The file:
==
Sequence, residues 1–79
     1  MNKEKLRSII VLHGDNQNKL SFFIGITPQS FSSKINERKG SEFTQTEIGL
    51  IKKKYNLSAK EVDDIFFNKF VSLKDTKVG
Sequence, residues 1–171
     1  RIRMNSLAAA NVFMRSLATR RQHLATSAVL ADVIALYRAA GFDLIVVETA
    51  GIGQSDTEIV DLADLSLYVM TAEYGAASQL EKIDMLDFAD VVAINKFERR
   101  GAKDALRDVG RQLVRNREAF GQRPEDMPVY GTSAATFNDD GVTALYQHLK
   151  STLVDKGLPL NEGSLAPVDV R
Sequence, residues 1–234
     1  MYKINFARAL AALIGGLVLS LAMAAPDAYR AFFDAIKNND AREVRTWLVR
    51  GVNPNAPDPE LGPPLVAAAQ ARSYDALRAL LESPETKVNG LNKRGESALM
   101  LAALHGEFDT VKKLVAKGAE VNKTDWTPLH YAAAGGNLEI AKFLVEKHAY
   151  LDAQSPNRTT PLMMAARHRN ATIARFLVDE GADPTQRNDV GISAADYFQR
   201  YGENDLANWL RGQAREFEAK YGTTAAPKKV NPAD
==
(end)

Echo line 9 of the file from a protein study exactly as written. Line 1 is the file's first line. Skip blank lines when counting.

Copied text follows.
Sequence, residues 1–234